DUKE: It’s very hard. There are so many cognitive and motivational forces that are working against us that generally we’re quitting things too late and that’s causing us to stop our progress. When the world tells you that it’s time to switch to something else, if you don’t do that, you’re going to be sticking to something that isn’t allowing you to gain ground towards your goals. But if you quit when the time is right, that’s going to speed you up. Because that’s going to allow you to switch to something, another opportunity, and really defray those opportunity costs. One of the things that I’m trying to do in the book is create motivation for people to actually try to get better at this. But just knowing about it doesn’t really help. You have to actually put tools in place that will allow you to be a better quitter. And the overall theme of the tools is, think in advance; don’t trust yourself to be good at making decisions in the moment. We have to start to be good advanced thinkers about when we should and shouldn’t quit.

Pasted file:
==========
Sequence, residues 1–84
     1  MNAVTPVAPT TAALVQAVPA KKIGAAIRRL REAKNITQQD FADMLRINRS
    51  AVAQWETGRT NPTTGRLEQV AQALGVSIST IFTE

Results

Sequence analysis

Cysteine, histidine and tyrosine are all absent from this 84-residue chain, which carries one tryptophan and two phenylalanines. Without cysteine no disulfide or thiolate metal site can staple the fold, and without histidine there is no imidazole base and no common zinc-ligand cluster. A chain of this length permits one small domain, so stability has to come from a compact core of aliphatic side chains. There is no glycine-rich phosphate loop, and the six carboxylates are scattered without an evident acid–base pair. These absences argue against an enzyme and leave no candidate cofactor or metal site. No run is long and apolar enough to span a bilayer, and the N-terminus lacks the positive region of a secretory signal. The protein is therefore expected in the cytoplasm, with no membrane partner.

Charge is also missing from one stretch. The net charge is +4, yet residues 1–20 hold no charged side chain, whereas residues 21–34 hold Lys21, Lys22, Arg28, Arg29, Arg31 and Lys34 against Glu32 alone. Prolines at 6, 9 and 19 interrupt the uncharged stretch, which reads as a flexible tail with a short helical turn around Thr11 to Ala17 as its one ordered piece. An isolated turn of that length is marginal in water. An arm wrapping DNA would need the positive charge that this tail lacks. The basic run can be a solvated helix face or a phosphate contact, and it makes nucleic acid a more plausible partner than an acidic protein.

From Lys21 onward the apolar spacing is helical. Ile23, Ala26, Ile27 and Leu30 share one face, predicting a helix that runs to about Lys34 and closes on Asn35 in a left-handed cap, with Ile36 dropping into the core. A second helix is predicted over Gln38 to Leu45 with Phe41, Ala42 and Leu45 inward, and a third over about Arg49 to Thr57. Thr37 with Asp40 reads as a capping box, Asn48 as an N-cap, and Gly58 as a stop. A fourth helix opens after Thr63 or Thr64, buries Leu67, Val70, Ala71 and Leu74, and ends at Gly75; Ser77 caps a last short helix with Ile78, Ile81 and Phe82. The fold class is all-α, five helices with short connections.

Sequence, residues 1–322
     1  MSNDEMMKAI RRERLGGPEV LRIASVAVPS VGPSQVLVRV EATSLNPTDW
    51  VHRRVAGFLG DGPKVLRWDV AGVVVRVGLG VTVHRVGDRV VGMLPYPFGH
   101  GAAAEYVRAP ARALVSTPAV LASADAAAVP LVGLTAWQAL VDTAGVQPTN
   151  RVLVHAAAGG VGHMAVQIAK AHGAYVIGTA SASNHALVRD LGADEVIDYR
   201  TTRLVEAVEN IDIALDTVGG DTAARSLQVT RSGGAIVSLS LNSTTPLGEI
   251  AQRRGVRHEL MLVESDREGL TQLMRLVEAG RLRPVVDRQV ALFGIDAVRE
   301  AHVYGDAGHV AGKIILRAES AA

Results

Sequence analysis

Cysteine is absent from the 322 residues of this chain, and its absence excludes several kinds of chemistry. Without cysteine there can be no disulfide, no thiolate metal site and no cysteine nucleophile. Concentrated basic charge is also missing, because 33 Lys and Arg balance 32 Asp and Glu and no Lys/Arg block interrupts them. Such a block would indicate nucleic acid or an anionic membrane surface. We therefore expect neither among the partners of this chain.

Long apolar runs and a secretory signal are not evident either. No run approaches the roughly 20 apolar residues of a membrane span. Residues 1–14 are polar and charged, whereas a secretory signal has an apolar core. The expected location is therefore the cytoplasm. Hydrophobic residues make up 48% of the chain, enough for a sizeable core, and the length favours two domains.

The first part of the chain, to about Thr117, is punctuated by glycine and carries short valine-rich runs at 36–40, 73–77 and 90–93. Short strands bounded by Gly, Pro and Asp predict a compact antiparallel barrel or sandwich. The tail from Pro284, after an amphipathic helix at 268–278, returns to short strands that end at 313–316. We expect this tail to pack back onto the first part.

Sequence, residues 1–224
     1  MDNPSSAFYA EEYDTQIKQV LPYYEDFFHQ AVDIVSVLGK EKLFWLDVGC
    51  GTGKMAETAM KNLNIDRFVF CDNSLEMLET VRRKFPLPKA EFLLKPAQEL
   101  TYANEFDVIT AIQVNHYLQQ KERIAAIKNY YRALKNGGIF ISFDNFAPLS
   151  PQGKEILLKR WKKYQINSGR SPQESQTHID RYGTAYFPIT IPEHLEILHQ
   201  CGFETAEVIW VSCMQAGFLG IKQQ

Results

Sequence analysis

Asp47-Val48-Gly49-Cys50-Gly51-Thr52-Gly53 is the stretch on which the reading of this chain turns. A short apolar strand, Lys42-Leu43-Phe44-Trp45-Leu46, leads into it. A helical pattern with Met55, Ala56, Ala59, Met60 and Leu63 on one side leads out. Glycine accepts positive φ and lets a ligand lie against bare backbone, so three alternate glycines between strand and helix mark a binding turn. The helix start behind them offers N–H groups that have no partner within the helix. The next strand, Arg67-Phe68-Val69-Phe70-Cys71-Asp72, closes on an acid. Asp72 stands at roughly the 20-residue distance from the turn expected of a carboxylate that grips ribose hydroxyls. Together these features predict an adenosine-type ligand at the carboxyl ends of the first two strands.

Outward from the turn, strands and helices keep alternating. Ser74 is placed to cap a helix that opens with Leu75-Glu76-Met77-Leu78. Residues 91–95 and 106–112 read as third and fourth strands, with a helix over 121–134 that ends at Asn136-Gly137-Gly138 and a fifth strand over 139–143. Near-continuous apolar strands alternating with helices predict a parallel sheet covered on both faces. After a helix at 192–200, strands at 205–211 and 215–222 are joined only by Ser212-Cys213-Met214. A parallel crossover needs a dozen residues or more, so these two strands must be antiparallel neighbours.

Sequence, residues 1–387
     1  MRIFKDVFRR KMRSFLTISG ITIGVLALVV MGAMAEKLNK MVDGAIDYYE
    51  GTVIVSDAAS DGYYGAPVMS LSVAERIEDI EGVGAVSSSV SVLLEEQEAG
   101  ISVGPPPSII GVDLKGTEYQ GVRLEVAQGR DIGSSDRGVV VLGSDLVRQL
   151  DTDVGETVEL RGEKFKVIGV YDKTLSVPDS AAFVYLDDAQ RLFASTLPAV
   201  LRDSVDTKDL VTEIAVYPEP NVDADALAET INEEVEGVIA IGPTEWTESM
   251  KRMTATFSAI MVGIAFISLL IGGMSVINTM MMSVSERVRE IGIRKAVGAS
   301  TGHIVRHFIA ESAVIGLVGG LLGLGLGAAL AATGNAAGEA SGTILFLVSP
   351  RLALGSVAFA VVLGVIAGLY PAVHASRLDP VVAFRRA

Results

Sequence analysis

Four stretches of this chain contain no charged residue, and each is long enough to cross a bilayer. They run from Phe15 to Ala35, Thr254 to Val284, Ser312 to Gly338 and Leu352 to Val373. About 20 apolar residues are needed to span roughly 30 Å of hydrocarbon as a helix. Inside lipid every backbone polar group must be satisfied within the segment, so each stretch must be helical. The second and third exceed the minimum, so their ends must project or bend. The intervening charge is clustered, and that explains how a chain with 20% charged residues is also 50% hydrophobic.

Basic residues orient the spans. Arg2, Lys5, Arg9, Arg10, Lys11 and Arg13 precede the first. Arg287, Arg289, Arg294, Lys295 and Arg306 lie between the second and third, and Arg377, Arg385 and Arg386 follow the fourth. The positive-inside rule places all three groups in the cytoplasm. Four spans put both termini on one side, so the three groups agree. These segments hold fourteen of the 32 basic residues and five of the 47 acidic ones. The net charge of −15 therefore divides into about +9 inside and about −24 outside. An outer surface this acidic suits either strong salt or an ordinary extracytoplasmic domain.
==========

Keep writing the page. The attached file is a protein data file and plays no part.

LEVITT: So I think, actually, you and I believe the same thing, but we have different ways of interacting with the world. I think it’s completely obvious you should quit. And I stop there and I figure, well, everyone else should just know that too. And what you’re actually encountering is the fact that you and I, and maybe like seven other people on the planet, think that quitting is a good idea and you’re trying to meet them halfway and pull them along gently to hold their hand and take them with you to make them true believers. I don’t have the patience for that. But I’m glad that you do.